United Nations (CNN) -- Suksma Ratri separated from her husband after suffering ongoing domestic violence. But four years ago, the young mother from Indonesia found out her ex-husband had become extremely ill, and possibly had AIDS.
Ratri immediately went to her doctor to be tested. The results were what she says she largely expected at that point -- she was HIV-positive.
Ratri told her story to a gathering of journalists at the United Nations Tuesday, in a press conference to announce the launch of a new campaign by UNAIDS, the U.N.'s joint program on HIV/AIDS.
The organization is launching a five-year program to help fight the growing number of issues surrounding women becoming infected with HIV/AIDS.
Their initiatives include curbing violence against women, increasing available preventative care and treatment, and better enforcing human rights on an international scale. By focusing on those issues, the campaign hopes to effectively battle to the high rate of HIV infection among females around the world.
Like many women, Ratri became a victim in a global epidemic that is the leading cause of death and disease among those between the ages of 15 to 49 worldwide. The disease has been disproportionately affecting women for several years, a change in the trend that once applied to men when the virus became well-known in the early 1980s.
Now separated from her husband, Ratri serves as an activist for the rights of migrants in Asia to reduce their vulnerabilities to HIV. She lives openly with her disease, a decision she says allows her to overcome the stigma concerning people who are HIV-positive.
Ratri says she was lucky to be able to accept her status as HIV-positive as quickly as she did.
"I needed to fight the stigma," she said. "I needed to be open."
She is well aware that people are taken aback when they find out she has HIV. She often hears people comment on the fact that she seems "normal" despite the presence of infection.
"It's just I have the virus and you don't," said Ratri. "That's the only difference between us."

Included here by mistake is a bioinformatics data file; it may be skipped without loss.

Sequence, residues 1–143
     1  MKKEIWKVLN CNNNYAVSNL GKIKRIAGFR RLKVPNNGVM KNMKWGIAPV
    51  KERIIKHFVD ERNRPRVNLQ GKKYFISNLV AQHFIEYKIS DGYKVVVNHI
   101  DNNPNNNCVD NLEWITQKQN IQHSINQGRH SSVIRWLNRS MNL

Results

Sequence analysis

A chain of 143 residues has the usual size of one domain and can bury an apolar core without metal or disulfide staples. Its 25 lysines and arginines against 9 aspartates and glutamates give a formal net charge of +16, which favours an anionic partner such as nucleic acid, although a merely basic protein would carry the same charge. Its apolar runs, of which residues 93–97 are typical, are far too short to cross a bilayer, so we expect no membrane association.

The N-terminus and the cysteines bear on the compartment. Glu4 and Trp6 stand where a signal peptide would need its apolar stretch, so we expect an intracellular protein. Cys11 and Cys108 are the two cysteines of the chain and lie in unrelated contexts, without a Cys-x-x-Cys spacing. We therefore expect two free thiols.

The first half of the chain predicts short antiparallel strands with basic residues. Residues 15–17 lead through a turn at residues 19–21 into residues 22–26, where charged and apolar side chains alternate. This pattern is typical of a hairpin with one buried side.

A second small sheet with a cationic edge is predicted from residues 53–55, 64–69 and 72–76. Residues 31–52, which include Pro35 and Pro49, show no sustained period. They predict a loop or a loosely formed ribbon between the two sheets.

UNAIDS is also receiving some star-studded support for the program.
Internationally renowned singer Annie Lennox was on hand at the United Nations to voice her support. At the invitation of former President Nelson Mandela, she visited South Africa, where HIV prevalence among women ages 15 to 24 years is three times higher than that of men of the same age.
The high rate of sexual violence against women in that country is believed to contribute to the growing number of HIV/AIDS cases. Every ten minutes, a woman is raped in the country, totaling more than 54,000 attacks per year, according to authorities.
After witnessing the effects of HIV/AIDS on South African women for herself, Lennox says she was moved to help the dire situation.
"There were not enough things being done to address a very urgent chronic endemic situation," said Lennox. "Many mothers who could have been alive to take care of their children were not there anymore."
Lennox released her fourth solo album, "Songs of Mass Destruction," in October 2007, including a song that launched a campaign to raise awareness and support South African women affected by the HIV virus and AIDS pandemic.
"Women are the face (of HIV/AIDS) now. Stigma runs from the very top echelons of society, all the way down to the poor," said Lennox. "(The women) have to be able to come out of the shadows, and we must represent them," she said.